Yahoo Adds Local Search to Maps

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Yahoo added a local search feature to its map tool yesterday, part of its bid to establish itself as the leader in the race to marry search marketing with local businesses.


Called SmartView, the search tool returns listings of local businesses when users call up a map. SmartView gives six options for listings: food and dining; recreation and entertainment; community services; shopping; travel and transportation; and financial and ATMs. Each option has a menu of more specific categories. Food and dining, for example, is divided into cuisines. Clicking on a map listing gives the business' address, phone number and links to conduct a Web search for the business.


"It may prompt some new thinking about local search," explained Greg Sterling, a local search analyst for The Kelsey Group. "It's a visual, nonlinear approach to local search."


SmartView likely will be just one aspect of how Yahoo unites its local content with search, he said. SmartView will be an option anytime a Yahoo user calls up a map, including when an address is entered into Yahoo's search engine. Yahoo Maps received 15.5 million visitors in December, according to comScore Media Metrix.


The local listings generated are now free, culled from Yahoo's yellow pages service and other sources, with paid listings from Overture Services at the bottom of the page based on the category searched. Yahoo's Overture unit is preparing the launch of a local search advertising platform shortly that will match advertisers with local customers based on a user's location. Such listings could be displayed on SmartView searches, targeted by category and location.


Holiday Inn and Washington Mutual have sponsorships with Yahoo to find their locations quickly on maps through Yahoo's Business Locator program. Paul Levine, general manager of Yahoo's local services, said Yahoo could sell such sponsorships in each category. He said Yahoo had no immediate plans to let businesses pay to be included in map listings.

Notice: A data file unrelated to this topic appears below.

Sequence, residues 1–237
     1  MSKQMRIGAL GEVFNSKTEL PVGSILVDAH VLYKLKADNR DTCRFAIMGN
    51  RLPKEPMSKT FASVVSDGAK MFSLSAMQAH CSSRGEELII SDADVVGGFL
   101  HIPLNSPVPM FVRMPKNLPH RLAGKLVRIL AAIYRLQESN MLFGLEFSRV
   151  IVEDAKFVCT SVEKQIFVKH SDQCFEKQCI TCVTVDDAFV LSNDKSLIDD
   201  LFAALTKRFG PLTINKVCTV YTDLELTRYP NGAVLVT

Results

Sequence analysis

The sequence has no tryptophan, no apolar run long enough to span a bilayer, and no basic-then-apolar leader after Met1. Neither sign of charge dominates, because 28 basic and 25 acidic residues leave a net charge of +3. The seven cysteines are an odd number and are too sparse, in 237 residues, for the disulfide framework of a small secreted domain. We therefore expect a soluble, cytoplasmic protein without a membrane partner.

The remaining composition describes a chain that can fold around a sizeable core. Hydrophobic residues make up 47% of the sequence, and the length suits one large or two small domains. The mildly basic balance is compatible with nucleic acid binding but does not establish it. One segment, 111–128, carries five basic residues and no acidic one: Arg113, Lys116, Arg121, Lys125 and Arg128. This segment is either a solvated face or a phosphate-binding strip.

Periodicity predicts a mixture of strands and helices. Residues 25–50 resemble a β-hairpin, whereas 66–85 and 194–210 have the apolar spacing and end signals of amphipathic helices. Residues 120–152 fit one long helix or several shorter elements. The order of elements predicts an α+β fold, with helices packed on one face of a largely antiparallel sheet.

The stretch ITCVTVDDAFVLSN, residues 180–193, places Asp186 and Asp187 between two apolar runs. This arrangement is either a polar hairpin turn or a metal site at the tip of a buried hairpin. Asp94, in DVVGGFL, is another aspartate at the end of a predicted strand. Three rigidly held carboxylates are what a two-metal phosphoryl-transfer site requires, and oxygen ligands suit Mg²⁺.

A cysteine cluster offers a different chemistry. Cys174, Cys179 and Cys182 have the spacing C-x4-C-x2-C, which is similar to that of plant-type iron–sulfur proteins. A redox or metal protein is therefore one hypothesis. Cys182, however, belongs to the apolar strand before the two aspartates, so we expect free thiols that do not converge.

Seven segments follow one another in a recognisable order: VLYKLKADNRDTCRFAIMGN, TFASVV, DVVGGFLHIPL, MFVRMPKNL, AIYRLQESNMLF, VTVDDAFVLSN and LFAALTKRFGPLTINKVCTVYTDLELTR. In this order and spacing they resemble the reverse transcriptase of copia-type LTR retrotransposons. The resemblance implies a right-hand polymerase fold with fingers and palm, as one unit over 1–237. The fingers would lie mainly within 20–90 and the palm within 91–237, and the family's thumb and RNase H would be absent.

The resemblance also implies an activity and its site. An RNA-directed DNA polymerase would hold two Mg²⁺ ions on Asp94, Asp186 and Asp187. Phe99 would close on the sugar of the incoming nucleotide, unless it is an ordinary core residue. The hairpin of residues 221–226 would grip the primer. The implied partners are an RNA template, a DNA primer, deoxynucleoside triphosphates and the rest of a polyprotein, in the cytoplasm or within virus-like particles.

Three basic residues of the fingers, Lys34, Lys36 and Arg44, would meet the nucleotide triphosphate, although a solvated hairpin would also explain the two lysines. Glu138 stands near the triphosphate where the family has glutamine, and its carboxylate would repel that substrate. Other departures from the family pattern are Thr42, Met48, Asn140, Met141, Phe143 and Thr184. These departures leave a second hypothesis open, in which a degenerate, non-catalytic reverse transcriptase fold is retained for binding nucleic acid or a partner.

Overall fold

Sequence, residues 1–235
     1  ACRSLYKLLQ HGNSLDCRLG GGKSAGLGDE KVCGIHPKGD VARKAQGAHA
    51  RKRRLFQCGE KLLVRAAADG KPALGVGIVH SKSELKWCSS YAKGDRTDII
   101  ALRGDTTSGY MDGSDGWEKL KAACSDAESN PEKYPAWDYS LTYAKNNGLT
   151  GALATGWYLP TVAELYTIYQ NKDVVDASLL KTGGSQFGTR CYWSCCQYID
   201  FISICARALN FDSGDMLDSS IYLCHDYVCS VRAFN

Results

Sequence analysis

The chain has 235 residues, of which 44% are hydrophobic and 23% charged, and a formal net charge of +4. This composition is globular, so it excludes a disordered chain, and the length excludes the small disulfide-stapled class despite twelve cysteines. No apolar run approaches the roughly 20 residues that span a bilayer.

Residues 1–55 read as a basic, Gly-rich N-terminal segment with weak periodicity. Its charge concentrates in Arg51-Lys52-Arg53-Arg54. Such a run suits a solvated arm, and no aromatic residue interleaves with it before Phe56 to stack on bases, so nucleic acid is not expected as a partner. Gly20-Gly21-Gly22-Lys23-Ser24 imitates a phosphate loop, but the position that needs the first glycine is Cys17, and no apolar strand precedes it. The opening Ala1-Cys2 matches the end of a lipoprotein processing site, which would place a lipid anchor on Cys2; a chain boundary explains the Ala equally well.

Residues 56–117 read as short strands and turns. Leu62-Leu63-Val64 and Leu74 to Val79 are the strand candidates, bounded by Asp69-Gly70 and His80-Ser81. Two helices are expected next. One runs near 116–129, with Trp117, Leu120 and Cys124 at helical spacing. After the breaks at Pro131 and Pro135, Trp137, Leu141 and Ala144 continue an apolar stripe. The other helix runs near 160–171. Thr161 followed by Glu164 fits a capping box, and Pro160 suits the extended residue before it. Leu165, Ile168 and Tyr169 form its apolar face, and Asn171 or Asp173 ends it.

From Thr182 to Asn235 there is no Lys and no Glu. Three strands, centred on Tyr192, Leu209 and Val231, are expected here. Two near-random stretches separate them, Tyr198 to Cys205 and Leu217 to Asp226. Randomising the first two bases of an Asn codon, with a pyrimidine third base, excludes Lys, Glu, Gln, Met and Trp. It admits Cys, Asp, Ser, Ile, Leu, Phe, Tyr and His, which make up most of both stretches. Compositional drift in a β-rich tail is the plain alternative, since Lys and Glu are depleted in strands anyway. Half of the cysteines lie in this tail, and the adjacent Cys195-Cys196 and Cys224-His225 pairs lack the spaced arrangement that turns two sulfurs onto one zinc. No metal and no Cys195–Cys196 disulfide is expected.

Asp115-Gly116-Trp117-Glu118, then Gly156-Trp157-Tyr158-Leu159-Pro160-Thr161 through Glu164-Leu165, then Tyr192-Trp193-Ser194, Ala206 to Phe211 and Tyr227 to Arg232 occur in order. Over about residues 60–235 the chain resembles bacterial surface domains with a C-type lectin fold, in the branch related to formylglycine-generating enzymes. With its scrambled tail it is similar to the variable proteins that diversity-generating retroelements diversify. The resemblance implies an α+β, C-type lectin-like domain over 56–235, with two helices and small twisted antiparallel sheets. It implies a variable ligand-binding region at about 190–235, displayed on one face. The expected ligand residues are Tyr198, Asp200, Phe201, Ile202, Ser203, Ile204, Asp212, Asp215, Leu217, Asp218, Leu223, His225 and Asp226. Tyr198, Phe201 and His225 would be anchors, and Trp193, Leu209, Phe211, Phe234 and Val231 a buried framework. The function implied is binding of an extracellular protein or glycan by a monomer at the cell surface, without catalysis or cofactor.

"We're constantly evaluating the right way to design the product," he said. "For the map, our goal is comprehensiveness. Over time, as we think it adds value to consumers, we'd consider doing it."


Sterling said Yahoo would need to tread carefully in how much prominence it gives advertisers over businesses that have not paid.


"That's dangerous territory for them because they want to offer the best user experience they can," he said. "There's a way that can be done in an effective but restrained manner."


Just last week, Yahoo introduced a paid inclusion program for its search engine in which advertisers can pay to have their Web pages included in results. Though ranking in the results is determined by relevancy, search competitors Google and Ask Jeeves criticized cost-per-click paid inclusion programs as an inherent conflict of interest.


Yahoo and Google are both keenly interested in tapping the potentially enormous market for local search advertising. The Kelsey Group estimates that the market could be worth $2.5 billion in 2008 and that already 25 percent of commercial searches are for local information.


Other local search players are using map-based local search. Verizon's redesigned SuperPages.com site includes a map-based search tool that allows keyword searches for local business information. Google is testing its own local search platform using mapping technology, called Search by Location. Google's local search tool requires a user to enter a search term and address, then returns a map with local listings.


Sukhinder Singh, general manager of local search at Google, said at a conference last week that the search company plans to continue working on the product this year. Search by Location does not return advertiser listings.


Overture's local search platform, which a company representative said would be released this spring, would match local advertisers to nearby customers by displaying listings within an advertiser's set geographic radius. For example, a pizzeria could set its preference to have its listing shown only to searchers within five miles of the store.


SmartView uses a variety of Yahoo content. For example, hotel listings include user ratings and driving directions from Yahoo Travel, and movie listings display screening times and purchase options via Yahoo Movies.


"Our overall strategy for local is to leverage all the assets that Yahoo has got," Levine said.


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